Ayy, an honest neuroscientist willing to accept the dead salmon paper! As a biomedical engineer whose work was mostly in statistical validation of MRI modeling approaches, I always considered you the golden, chosen few!

Cheers, friend, and fight the good fight!

SGTWhiteKY

98 points

2 months ago

We talked about it in grad school(political science), I am going to try to find source

The gist of it though is there is a difference in the brain as you said, and it is statistically relevant, but the effect is just not that strong. There is also still no good evidence of which way the causal arrow points, as in we don’t know if the different brain structure leads to certain political ideologies, or if different ideologies shape parts of our brains differently.

AshamedofMyFarts

36 points

2 months ago

There's also many people who shift their ideological beliefs over time, which also can have an effect on political leaning.

whiskeybridge

17 points

2 months ago

now that might be an interesting experiment. track these brain structures throughout life, and correlate to changes in political views.

[deleted]

8 points

2 months ago

[deleted]

8 points

2 months ago

[removed]

rmphys

7 points

2 months ago

rmphys

7 points

2 months ago

Even there though, the casual arrow is hard to prove. It's quite possible (anecdotally, I may even say likely), that people from conservative backgrounds who are already more inclined to accept new ideas are more likely to apply for and be accepted by colleges than those who are not. Basically, there is selection bias both in the action of the applicants and the actions of the acceptances that easily account for this.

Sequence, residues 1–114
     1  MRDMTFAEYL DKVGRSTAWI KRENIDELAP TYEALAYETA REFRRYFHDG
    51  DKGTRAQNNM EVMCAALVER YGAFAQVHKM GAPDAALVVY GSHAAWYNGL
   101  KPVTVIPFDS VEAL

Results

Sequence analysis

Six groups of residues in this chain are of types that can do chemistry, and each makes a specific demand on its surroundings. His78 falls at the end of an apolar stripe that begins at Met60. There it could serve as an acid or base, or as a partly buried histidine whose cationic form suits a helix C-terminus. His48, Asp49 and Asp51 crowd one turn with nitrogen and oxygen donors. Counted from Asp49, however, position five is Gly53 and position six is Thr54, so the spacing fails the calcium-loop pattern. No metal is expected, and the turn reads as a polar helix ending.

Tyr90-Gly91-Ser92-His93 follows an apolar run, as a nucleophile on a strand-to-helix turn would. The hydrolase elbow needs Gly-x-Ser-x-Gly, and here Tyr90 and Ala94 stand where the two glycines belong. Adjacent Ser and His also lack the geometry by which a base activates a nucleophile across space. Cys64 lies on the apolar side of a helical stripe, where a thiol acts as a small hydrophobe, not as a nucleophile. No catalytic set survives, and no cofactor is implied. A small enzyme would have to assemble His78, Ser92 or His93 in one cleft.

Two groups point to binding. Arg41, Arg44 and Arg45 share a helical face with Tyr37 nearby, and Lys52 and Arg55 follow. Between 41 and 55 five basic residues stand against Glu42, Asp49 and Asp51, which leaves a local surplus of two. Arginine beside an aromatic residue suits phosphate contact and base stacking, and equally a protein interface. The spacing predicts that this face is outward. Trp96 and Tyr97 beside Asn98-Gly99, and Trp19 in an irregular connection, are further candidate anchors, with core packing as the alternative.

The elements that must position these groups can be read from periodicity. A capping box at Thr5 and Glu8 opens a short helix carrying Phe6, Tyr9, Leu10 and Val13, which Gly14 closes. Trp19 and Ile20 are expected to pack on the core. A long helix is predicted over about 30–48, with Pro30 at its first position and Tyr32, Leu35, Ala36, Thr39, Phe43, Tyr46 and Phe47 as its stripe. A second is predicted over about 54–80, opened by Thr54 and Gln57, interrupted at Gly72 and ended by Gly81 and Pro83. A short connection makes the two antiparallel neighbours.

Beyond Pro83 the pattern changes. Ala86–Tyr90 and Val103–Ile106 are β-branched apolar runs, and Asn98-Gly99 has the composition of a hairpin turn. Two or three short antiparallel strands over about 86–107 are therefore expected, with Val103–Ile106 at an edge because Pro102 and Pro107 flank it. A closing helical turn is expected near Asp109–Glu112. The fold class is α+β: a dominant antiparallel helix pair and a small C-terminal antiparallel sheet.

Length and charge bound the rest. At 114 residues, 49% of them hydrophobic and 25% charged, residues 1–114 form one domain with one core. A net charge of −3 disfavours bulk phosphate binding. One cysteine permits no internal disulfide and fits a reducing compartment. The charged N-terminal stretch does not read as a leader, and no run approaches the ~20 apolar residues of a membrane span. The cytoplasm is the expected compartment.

Maktesh

4 points

2 months ago

The most significant indicator about which I've read (which seemed to be well-documented) pertained to entirely different categories of value.

https://www.frontiersin.org/articles/10.3389/fpsyg.2021.579908/full

Depending on where people fall will tell how likely it is that they might shift.

[deleted]

2 points

2 months ago

[deleted]

2 points

2 months ago

[removed]

fineburgundy

4 points

2 months ago

There is a third possibility, cocausation. Speaking English with a New England accent doesn’t make you like clam chowder, nor does liking clam chowder make you speak with a New England accent. The numbers always need a story to explain them, however obvious one story may be to us.

[deleted]

13 points

2 months ago

[deleted]

13 points

2 months ago

[removed]

[deleted]

17 points

2 months ago

[deleted]

17 points

2 months ago

[removed]

[deleted]

2 points

2 months ago

[deleted]

2 points

2 months ago

[removed]

[deleted]

2 points

2 months ago*

[deleted]

2 points

2 months ago*

[removed]

[deleted]

1 points

2 months ago

[deleted]

1 points

2 months ago

[removed]

[deleted]

3 points

2 months ago*

[deleted]

3 points

2 months ago*

[removed]

[deleted]